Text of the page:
But 2b complicates things. In doubling, I’m offering you an exclusive option: the right to double me again later. That option has a value (call it Y), so formally you only need (X–Y) chance of winning to accept the double. Y is harder to calculate than X, but accountancy has developed since the days of Alexander the Great, so you, or someone in your department, will calculate X–Y easily.

This is exactly the process that you go through in deciding whether to take out a LOBO (analogous to doubling in backgammon). You assess the benefit if the option isn’t called, then estimate the chance of it being called, and the potential cost if it is.

The difficulty in pricing the option isn’t in evaluating any given situation. If you have a LOBO at say 5%, and your bank exercises its option to increase that to 7%, then your decision is easy (and will be easy at whatever interest rates you insert into this example). You’ll simply consider the PWLB lending rate, and if it’s lower than (in my example) 7% you’ll exercise your option to repay the LOBO without penalty by refinancing from the PWLB.

Otherwise, however reluctantly, you’ll accept the higher rate your bank is now charging you. Insert an X% for the numbers and you can see that it’s exactly the same decision making process as in backgammon.

It’s a bit like Schrodinger’s Cat. When the situation crystallizes, and the option is called, your decision is simple. However, until then it’s very hard to value the likelihood that the option will be exercised at some future date, and the potential cost if it is. There are just too many future possibilities in a LOBO for the calculation to be easy; although fewer than in a backgammon position.

A new accounting interpretation for some LOBOs may have thrown this into sharper relief, but you’ve always needed to know what your LOBOs (and any other contract containing options) might cost you over time. And, as I hope I have shown, the underlying principles of how to value options are exhibited in a simple dice game invented 5,000 years ago.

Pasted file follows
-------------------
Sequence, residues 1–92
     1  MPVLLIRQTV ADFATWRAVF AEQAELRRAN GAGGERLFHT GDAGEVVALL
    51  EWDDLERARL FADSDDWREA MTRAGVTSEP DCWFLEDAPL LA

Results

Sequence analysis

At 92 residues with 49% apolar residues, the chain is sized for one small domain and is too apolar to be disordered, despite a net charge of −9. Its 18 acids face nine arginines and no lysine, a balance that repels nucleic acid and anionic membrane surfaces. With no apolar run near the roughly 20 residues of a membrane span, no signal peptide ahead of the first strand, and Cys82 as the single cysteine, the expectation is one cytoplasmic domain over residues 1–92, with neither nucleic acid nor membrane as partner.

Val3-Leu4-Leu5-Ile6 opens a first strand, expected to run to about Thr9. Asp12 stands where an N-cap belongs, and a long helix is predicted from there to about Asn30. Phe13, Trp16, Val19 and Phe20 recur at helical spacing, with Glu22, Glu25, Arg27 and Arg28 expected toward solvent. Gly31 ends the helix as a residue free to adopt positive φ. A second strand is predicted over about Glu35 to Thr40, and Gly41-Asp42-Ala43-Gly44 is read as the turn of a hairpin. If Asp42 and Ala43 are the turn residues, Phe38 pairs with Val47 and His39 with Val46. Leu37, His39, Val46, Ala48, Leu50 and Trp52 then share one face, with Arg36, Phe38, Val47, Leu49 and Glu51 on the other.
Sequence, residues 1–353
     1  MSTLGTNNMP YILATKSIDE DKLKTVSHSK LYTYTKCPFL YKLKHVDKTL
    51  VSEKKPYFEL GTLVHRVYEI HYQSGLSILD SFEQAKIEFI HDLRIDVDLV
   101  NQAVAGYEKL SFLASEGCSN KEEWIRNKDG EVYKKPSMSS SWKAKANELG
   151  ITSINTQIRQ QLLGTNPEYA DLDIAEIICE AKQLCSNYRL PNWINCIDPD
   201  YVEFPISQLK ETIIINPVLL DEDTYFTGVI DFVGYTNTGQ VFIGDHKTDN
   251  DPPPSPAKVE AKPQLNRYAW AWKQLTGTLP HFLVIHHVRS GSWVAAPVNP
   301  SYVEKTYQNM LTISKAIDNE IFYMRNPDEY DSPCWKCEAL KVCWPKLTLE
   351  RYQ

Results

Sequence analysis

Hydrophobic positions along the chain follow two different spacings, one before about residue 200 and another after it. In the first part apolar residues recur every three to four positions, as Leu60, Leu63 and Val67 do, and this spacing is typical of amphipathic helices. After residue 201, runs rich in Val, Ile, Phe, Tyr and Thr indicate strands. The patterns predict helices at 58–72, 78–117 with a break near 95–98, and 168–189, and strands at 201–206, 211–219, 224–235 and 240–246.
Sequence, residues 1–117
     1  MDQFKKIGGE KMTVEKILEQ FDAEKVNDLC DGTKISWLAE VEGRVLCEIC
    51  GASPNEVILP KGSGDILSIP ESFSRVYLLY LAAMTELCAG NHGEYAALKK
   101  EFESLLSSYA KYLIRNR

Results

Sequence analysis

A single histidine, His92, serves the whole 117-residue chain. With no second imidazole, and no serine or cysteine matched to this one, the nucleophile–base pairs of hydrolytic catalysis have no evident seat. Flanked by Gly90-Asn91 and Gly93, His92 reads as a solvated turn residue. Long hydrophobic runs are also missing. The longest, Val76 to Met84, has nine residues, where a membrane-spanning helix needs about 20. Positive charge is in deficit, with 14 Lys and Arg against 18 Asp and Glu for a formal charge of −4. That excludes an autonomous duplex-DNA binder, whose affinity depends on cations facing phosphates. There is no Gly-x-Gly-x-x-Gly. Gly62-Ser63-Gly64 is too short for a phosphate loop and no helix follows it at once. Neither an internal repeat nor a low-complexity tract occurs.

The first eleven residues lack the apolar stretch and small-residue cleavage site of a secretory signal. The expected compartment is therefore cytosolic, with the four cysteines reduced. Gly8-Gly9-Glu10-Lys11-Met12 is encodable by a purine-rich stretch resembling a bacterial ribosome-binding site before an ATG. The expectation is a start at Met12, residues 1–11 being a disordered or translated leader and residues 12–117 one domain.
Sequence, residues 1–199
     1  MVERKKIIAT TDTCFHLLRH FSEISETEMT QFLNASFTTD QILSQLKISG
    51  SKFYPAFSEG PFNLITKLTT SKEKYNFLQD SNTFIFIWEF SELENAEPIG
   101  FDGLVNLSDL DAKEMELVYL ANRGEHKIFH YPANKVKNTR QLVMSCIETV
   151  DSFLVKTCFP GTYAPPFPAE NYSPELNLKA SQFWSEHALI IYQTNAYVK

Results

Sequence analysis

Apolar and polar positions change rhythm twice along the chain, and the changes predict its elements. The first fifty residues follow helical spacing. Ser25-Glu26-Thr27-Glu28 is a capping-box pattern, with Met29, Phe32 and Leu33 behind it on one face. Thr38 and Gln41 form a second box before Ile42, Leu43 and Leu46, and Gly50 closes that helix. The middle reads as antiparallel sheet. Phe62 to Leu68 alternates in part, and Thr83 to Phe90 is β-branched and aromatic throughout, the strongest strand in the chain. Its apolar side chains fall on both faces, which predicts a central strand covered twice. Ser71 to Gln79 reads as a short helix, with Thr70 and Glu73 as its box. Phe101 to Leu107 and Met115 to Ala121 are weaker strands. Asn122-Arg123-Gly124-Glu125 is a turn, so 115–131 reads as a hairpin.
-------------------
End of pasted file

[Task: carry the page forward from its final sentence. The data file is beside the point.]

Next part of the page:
### Planning for LOBOs

So, do you know the value of the options against you? And if not, what would a plan to resolve that look like?

Focusing just on LOBOs (although I wonder if the bigger risks aren’t in complex regeneration contracts) I think a plan might look like this.

- Self evidently, you need to collect all the contracts and review the terms.
- For each you need to calculate X, which (as set out above) is the indifference point, where refinancing and accepting the revised terms are equally good options. Since accepting the revised terms probably gives the bank another future option you need to value Y as well.
- That calculation requires complex modelling of future interest rate scenarios, so you need either to buy in some expertise or, my preference, develop it yourself. The concept of how to value future events isn’t hard to express (or at least I hope I’ve shown that it isn’t) so, even though you should want your models externally validated at some point, you should be able to build the basic version yourself.
- I have some sympathy with a view that’s it’s not very relevant in today’s interest rate climate, but sooner or later that will change. And the real issue may be if all of those indifference points are fairly similar, which I suspect they may be. Might the cumulative impact of all your LOBOs being called at around the same time be rather uncomfortable? If you don’t know now the interest rate climate that triggers that position, then it’s probably a good time to start calculating it and perhaps adjusting your borrowing strategy accordingly.

There is an alternative. You could just hope, in backgammon terms, that I, as your opponent, don’t double you, which is analogous to hoping that the LOBO is never called.

Do you feel lucky?

**Conrad Hall is chief financial officer at the London Borough of Brent.**